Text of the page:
I've gone on for a while, so I'll try and hurry it up with this episode, while not skimming over the importance of the scenes.

As night falls, Carl continues to insult Rick, and eventually brings up Shane, the ultimate insult to his father. At this point, most people absolutely hate Carl. Night falls, and when Carl wakes up, Rick is unconscious. Carl hears knocking on the door, and heads out to handle the walkers. There are some complications, but he lives through it.

He comes back, and begins to talk to Rick. Carl blames Rick for the deaths of everyone at the prison, because he stepped back and wanted to be a farmer, rather than protect people. In Carl's mind, Rick is responsible for the deaths of everyone, Rick can't protect anyone. Carl finally says that he could survive if Rick died.

In some ways, this scene garnered more hate for Carl, and in others, we now know why he did these things. also, it's moving him forward as a character. As a whole, the scene was done better than it was in the comics.

Carl goes out again to gather supplies and encounters another walker, this time, one that he can't handle. The fight goes on for a while, with Carl leaving a shoe, and then locking the walker away. He leaves a message warning others about it.

Then he eats pudding. This is more a joke than it is actually important, but I can now confirm that "Pudding" is the "Juice box" of the TV Show.

Back to Michonne, she has now gathered a full herd, and see that walker that looks like her again. This time it is coming at her. For hours, she has just been walking with death, and must now choose to fight it. She does so in the most badass way possible. After coming to her senses, she goes back, and starts to follow the trail she found earlier.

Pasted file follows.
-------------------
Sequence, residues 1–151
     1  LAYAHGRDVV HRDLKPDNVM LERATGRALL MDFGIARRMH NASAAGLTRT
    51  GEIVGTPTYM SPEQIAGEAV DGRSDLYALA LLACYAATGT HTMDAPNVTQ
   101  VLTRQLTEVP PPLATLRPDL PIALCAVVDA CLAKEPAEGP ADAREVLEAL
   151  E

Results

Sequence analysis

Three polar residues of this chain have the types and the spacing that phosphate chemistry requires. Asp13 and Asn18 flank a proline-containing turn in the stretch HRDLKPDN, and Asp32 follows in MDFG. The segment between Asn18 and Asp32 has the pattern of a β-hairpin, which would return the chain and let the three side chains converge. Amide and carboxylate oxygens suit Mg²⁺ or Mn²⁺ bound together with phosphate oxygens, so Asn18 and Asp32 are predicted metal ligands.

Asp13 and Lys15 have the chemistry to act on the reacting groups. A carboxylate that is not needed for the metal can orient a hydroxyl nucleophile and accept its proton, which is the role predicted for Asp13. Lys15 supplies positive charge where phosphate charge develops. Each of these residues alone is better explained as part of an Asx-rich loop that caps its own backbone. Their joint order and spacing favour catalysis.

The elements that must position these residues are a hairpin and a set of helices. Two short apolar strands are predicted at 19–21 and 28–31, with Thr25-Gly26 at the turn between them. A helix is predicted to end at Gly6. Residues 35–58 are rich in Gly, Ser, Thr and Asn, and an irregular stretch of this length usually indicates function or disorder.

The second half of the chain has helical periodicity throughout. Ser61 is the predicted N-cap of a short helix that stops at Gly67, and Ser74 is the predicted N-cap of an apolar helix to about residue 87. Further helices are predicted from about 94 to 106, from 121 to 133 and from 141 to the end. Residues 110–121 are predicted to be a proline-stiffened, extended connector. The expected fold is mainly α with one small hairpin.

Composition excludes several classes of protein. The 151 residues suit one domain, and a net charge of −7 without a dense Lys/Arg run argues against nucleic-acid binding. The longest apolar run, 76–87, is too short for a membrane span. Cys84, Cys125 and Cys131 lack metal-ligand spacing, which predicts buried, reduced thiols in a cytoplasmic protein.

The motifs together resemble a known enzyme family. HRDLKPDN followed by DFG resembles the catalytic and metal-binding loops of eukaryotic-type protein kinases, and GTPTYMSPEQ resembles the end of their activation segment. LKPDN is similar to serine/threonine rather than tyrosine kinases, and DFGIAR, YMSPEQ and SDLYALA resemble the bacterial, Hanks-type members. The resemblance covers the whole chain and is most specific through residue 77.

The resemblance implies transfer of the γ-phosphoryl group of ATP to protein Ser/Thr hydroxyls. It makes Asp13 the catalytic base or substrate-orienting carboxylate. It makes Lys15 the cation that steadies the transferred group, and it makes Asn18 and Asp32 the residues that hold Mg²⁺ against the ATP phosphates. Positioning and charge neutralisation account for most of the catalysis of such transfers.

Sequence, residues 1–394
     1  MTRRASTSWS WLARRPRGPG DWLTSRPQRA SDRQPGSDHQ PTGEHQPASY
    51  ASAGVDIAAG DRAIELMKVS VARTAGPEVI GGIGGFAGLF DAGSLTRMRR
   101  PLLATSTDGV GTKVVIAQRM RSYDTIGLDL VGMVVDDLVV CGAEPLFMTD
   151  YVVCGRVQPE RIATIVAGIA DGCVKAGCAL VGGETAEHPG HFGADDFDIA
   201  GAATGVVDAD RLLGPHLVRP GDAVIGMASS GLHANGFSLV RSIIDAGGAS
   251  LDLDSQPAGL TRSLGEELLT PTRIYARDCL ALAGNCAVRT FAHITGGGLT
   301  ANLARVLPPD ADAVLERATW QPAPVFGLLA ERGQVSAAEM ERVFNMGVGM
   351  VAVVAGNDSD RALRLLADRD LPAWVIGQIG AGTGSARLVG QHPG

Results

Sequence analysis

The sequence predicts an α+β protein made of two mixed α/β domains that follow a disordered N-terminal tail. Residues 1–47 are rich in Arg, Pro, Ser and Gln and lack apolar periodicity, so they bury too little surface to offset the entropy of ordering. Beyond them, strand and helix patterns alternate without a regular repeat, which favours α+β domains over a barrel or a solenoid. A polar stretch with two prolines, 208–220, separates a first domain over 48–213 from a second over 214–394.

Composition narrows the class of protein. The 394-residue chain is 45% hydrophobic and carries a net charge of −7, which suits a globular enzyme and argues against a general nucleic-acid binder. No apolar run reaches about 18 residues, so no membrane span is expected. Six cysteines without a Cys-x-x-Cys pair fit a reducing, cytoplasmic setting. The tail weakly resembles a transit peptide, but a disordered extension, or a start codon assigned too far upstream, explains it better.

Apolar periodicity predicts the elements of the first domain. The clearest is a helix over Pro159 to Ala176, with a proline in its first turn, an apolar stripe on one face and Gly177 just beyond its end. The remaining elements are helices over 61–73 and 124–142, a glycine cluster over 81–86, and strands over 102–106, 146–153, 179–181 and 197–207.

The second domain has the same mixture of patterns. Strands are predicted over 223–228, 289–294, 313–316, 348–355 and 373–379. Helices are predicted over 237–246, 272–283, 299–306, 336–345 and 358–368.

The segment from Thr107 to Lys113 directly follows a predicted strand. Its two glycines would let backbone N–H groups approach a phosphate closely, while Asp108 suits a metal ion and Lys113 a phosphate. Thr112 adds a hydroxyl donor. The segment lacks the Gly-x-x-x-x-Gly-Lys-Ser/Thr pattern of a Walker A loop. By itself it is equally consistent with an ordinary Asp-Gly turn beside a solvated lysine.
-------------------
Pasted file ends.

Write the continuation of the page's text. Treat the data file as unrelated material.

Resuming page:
Carl returns to the house, and by the time night falls. Rick is waking up, or possibly reanimating. Carl thinks that his father is a walker, and gets ready to kill him.

The scene shows how Chandler Riggs has evolved as an actor, because I suppose to whole point of Carl's story in this episode was to show how Carl blamed Rick for them losing the prison, trying to survive on his own, realizing he couldn't, and then realizing that he can't kill Rick. By the end, we're supposed to feel sympathy towards Carl... and that scene was so well done, that it worked, at least for me. And even if you can't forgive Carl as a character just yet, you've got to admit, the scene was good.

The episode ends with Rick waking up after a while, Carl forgiving him, and then Michonne finding the two, after finally being able to deal with her inner demons(Mike and Terry).

Now, for the reason why I think this episode is worthy of Telltale levels of writing. Mainly the fact that they've finally managed to fix a lot of the problems with Carl's character, they've finally moved him to being a good character, and they surpassed the scenes that were from the comics in almost every way. Also, the scenes with Michonne are all incredible, and were just overall, great.

It was an end to one story arc, and the beginning of another, and it was executed fantastically well.

4. S2E12 - Better Angels: (Written by Evan Reilly & Glen Mazzara, Directed By Guy Ferland) This is actually one of my favorite episodes, and I do consider it better than the finale itself, Beside the Dying Fire.